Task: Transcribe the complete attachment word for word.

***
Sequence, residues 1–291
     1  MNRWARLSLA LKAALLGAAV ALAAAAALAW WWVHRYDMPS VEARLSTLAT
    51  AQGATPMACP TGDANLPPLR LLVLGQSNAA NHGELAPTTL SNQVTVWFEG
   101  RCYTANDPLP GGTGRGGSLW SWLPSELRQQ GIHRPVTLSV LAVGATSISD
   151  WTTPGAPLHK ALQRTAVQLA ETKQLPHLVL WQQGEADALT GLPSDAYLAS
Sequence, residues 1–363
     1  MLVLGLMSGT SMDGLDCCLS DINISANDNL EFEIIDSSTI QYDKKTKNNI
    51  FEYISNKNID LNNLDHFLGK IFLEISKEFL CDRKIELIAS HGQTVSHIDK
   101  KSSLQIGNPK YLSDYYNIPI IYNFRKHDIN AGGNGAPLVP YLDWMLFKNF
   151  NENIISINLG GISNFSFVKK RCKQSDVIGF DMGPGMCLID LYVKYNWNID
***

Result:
Sequence, residues 1–291
     1  MNRWARLSLA LKAALLGAAV ALAAAAALAW WWVHRYDMPS VEARLSTLAT
    51  AQGATPMACP TGDANLPPLR LLVLGQSNAA NHGELAPTTL SNQVTVWFEG
   101  RCYTANDPLP GGTGRGGSLW SWLPSELRQQ GIHRPVTLSV LAVGATSISD
   151  WTTPGAPLHK ALQRTAVQLA ETKQLPHLVL WQQGEADALT GLPSDAYLAS
Sequence, residues 1–363
     1  MLVLGLMSGT SMDGLDCCLS DINISANDNL EFEIIDSSTI QYDKKTKNNI
    51  FEYISNKNID LNNLDHFLGK IFLEISKEFL CDRKIELIAS HGQTVSHIDK
   101  KSSLQIGNPK YLSDYYNIPI IYNFRKHDIN AGGNGAPLVP YLDWMLFKNF
   151  NENIISINLG GISNFSFVKK RCKQSDVIGF DMGPGMCLID LYVKYNWNID